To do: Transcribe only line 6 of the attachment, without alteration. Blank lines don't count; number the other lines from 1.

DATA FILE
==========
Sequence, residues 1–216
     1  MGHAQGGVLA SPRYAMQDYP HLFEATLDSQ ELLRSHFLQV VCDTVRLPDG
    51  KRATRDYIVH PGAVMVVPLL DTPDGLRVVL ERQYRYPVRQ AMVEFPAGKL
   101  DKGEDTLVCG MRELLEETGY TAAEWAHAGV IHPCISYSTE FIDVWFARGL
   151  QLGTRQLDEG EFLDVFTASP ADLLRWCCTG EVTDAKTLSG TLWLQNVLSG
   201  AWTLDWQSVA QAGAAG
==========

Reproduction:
   201  AWTLDWQSVA QAGAAG